Most of the time, hiker tights get knocked for being too cold. Although the Pack Outs didn't keep us as warm as our Top Pick for Wet Weather, the Arc'teryx Gamma LT Softshell, they still did a pretty decent job for a tight.
The Pack Outs immediately absorbed water and took hours to dry in our water resistance tests.
Comparing the features of a convertible pant to those of a hiker tight is like comparing apples to oranges. We thought that we should consider what a hiker tight should be and what important features it should have, instead of comparing it to pants that convert into shorts. For a tight, the Pack Outs have an excellent balance between function and a streamlined look you want in a tight.
If it's one thing we are a stickler for, it's pockets. What good is a pocket if it can't carry anything? The Pack Outs have one deep, rear-ish zipped side pocket that sits right near the boniest part of your lower hip. You can fit a variety of things in there, including your hands, which we appreciate. Along each side of the pant is a super-deep, stretchy pocket that can easily hold a phone, a snack and then some. What we love about this is you can keep your valuables close and quickly grab your phone for a photo or munch on a small snack on the go.
The Pack-Outs not only feature a zippered pocket, but they also have two deep side pockets perfect for stashing your phone.
We also considered the waistband in our features category for hiker tights. Thin bands lead to spillage and sagging of the pant, while a thicker band helps keep you in the pant and worry-free. The Pack Outs had a perfectly sized waistband that kept the tights up and comfortable, giving us a feeling of confidence when hiking. We also loved that the waistband didn't stretch out too much after multiple days of use.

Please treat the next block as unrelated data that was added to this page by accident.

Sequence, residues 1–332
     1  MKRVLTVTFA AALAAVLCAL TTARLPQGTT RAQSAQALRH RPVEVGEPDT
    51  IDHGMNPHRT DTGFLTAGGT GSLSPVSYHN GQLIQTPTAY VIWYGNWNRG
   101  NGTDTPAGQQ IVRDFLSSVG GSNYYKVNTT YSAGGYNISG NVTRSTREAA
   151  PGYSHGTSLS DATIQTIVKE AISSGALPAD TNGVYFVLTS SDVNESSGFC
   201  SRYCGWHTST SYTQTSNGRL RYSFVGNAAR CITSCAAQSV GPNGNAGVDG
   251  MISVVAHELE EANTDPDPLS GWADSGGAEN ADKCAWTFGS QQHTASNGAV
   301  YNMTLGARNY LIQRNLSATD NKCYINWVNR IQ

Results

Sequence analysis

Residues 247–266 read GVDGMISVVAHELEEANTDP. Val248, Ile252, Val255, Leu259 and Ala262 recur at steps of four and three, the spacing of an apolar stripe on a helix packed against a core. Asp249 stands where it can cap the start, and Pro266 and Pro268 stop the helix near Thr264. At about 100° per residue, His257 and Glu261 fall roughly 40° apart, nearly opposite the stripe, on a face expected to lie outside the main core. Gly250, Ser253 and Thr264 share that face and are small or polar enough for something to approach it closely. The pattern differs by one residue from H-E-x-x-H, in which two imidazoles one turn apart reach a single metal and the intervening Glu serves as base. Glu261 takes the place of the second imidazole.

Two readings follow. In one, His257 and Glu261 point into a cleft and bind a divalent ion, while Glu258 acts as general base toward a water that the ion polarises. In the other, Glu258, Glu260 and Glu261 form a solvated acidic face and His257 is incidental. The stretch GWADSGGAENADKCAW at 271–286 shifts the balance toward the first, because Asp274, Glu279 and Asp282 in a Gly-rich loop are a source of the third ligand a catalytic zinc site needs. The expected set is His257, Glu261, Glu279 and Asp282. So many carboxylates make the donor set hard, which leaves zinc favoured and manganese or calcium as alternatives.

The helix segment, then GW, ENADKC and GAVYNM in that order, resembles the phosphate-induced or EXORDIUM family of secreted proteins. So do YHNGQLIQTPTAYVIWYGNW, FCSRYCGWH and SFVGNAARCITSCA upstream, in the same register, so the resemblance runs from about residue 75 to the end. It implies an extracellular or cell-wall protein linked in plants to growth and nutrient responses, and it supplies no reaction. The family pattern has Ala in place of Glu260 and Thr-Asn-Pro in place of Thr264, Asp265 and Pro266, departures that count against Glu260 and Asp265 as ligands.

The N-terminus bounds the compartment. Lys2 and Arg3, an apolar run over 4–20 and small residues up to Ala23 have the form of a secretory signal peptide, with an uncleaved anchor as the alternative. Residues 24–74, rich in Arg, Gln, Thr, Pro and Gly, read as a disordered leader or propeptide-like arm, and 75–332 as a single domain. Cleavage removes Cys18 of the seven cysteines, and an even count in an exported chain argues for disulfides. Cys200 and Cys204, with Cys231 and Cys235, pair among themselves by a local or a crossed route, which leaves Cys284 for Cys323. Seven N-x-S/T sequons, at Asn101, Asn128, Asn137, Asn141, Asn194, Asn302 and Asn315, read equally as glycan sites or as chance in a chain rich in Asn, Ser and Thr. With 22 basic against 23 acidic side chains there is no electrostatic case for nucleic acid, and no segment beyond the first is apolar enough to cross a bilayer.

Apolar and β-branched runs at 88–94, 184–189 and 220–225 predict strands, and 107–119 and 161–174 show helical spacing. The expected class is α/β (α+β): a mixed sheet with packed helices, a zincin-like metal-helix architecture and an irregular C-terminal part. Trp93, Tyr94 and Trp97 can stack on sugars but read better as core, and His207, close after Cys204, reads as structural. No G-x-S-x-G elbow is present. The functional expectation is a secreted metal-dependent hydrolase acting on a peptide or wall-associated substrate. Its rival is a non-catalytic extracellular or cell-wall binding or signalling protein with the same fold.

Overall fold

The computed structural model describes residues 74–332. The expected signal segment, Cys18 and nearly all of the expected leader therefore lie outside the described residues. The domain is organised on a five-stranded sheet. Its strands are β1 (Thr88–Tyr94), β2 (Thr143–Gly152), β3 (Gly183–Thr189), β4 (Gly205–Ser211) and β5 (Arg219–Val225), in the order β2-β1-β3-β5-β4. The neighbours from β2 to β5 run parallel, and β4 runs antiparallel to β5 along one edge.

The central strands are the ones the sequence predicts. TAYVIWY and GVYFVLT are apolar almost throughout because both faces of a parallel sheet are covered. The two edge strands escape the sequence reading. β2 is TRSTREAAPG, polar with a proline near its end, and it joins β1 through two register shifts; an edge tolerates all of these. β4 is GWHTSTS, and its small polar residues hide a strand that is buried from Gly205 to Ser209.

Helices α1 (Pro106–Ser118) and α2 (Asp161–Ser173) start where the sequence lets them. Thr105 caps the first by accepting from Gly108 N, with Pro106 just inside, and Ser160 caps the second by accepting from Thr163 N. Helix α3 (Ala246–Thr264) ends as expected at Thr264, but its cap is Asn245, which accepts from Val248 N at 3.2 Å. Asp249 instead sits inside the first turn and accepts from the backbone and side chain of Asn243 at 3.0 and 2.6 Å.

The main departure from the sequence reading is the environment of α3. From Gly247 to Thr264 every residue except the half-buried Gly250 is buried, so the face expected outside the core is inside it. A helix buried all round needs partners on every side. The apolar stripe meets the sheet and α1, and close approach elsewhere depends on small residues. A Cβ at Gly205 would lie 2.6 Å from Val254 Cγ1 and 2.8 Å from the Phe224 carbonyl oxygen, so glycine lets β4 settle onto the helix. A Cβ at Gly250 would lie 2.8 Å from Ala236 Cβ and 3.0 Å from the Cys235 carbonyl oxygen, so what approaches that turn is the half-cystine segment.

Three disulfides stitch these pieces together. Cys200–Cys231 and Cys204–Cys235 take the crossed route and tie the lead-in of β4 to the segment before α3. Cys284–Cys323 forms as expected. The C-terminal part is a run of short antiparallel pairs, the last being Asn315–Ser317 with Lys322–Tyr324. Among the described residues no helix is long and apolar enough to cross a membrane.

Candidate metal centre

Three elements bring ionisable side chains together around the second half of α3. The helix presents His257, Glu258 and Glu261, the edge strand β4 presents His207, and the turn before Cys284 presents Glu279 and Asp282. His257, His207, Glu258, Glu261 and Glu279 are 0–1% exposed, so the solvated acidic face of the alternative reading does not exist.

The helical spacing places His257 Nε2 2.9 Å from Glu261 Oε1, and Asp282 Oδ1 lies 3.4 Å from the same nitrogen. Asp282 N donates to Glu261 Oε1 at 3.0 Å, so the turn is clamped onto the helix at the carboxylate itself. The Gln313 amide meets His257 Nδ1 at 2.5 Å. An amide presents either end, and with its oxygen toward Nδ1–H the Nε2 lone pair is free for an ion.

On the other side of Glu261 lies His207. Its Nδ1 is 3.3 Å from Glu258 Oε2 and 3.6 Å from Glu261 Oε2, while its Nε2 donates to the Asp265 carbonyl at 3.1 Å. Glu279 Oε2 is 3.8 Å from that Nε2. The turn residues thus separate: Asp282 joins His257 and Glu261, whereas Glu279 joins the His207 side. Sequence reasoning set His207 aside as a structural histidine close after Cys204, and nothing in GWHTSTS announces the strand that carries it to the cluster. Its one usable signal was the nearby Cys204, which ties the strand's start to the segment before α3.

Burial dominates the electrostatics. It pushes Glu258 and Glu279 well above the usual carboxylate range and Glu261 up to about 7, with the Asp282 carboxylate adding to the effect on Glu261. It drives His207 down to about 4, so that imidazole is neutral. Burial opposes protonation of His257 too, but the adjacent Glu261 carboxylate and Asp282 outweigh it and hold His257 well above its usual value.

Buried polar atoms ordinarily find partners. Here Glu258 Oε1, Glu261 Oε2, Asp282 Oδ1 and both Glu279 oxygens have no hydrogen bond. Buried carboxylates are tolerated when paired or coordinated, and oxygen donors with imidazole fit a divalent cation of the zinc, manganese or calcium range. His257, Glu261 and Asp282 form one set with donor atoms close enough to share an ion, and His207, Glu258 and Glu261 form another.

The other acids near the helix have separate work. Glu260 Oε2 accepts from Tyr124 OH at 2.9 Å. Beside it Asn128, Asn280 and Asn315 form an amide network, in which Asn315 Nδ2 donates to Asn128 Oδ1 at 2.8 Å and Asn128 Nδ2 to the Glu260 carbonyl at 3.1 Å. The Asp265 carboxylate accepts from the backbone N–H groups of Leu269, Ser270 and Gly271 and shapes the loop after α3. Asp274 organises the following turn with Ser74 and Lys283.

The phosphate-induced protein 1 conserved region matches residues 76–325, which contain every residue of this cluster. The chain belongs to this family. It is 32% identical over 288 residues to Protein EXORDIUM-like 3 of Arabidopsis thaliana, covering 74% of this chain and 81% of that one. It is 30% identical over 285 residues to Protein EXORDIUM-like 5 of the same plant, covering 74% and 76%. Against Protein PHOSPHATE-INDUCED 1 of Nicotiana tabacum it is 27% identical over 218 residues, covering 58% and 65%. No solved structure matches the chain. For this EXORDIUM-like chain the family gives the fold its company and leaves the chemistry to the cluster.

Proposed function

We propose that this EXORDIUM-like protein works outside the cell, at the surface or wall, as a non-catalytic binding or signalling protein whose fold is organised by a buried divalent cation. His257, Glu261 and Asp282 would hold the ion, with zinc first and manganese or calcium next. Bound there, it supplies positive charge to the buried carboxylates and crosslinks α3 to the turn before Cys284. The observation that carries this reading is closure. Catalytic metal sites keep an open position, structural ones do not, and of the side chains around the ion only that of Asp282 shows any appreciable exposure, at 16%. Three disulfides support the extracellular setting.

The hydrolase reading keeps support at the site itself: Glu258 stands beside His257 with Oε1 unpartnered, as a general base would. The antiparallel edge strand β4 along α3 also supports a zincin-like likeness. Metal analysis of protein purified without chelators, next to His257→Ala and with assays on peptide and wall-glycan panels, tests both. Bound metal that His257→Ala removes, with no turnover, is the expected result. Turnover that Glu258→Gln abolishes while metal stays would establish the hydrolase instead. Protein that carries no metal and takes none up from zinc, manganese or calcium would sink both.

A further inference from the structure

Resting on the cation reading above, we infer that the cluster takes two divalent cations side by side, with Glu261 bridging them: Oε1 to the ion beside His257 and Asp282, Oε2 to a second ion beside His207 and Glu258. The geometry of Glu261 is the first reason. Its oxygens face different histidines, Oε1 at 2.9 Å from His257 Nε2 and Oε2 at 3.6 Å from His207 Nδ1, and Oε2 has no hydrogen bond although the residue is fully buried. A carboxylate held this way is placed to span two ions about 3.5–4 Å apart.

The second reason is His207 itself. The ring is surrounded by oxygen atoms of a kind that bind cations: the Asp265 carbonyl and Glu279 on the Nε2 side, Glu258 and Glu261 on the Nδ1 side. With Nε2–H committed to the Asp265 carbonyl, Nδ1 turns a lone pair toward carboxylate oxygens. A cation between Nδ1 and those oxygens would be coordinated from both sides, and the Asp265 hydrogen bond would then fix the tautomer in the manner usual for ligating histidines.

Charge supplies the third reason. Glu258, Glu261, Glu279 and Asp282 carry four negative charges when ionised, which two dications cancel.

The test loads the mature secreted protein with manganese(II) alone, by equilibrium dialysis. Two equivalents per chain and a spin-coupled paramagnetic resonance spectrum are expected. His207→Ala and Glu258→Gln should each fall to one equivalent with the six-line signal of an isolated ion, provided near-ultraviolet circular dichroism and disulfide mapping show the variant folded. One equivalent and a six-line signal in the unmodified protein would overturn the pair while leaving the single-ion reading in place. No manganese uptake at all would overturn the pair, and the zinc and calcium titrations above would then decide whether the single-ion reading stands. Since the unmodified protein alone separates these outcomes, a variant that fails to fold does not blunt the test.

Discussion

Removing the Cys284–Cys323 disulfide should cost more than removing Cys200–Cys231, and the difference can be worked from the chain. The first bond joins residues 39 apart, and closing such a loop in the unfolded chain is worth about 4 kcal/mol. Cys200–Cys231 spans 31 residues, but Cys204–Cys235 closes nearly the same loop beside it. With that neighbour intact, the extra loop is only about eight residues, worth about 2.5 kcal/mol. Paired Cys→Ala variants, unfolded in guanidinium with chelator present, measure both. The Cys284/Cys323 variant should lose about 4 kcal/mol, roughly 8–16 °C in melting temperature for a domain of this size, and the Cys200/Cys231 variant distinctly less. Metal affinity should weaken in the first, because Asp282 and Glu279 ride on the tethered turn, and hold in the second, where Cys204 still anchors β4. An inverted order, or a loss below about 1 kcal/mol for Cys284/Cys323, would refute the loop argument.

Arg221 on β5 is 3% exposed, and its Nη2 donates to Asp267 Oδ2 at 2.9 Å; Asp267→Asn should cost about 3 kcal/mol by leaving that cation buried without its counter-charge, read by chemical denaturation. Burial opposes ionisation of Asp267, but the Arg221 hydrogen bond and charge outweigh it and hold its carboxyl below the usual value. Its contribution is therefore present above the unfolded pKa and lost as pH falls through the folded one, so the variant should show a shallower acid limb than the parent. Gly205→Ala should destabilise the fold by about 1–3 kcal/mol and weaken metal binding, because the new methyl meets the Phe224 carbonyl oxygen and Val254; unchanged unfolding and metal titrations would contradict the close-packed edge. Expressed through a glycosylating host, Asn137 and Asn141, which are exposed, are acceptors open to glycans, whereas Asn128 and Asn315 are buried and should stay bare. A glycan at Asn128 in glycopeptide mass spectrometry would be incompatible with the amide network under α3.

These pants are thick (and thus heavier, weighing in at a little over 10 ounces). On the one hand, we appreciated the thicker material because it makes the pants more durable, not see-through when you bend over and provides a little extra warmth when tights typically run on the cool side. However, we felt that these pants might end up being a little too warm in the heat of summer and not as breathable as we would have liked. With that said, we feel that the Pack Outs are less suffocating than the TNF Utility Hybrid Hiker Tights, but we aren't confident that the Pack Outs would be the ideal choice on a sweltering summer day.
If you're hiking in dry weather, over mostly dry terrain in cooler to mild temperatures, the Patagonia Pack Outs are hands down our favorite choice. The thicker material adds to the durability, making them a great option for backpackers and climbers too. The Pack Outs are beyond suitable for a variety of activities from an evening of Netflix and chill after a tough hike to a day out on the crag, complete with a burly approach.
The Pack-Outs truly deliver in mobility, as we discovered in our climbing test.
The Pack Outs aren't a budget-friendly option, coming in at $89. It's hard to justify spending that amount of cash on a pair of hiking tights. But if you love the Patagonia name and are looking for a high-quality hiker tight with the perfect set of features that are well suited for a variety of activities, these might be the tights for you.
Patagonia hit the nail on the head with the Pack Outs we are excited to see a hiker tight with pockets in all the right places. These pants can spread a wide range of activities and are some of the most comfortable technical pants we've ever worn.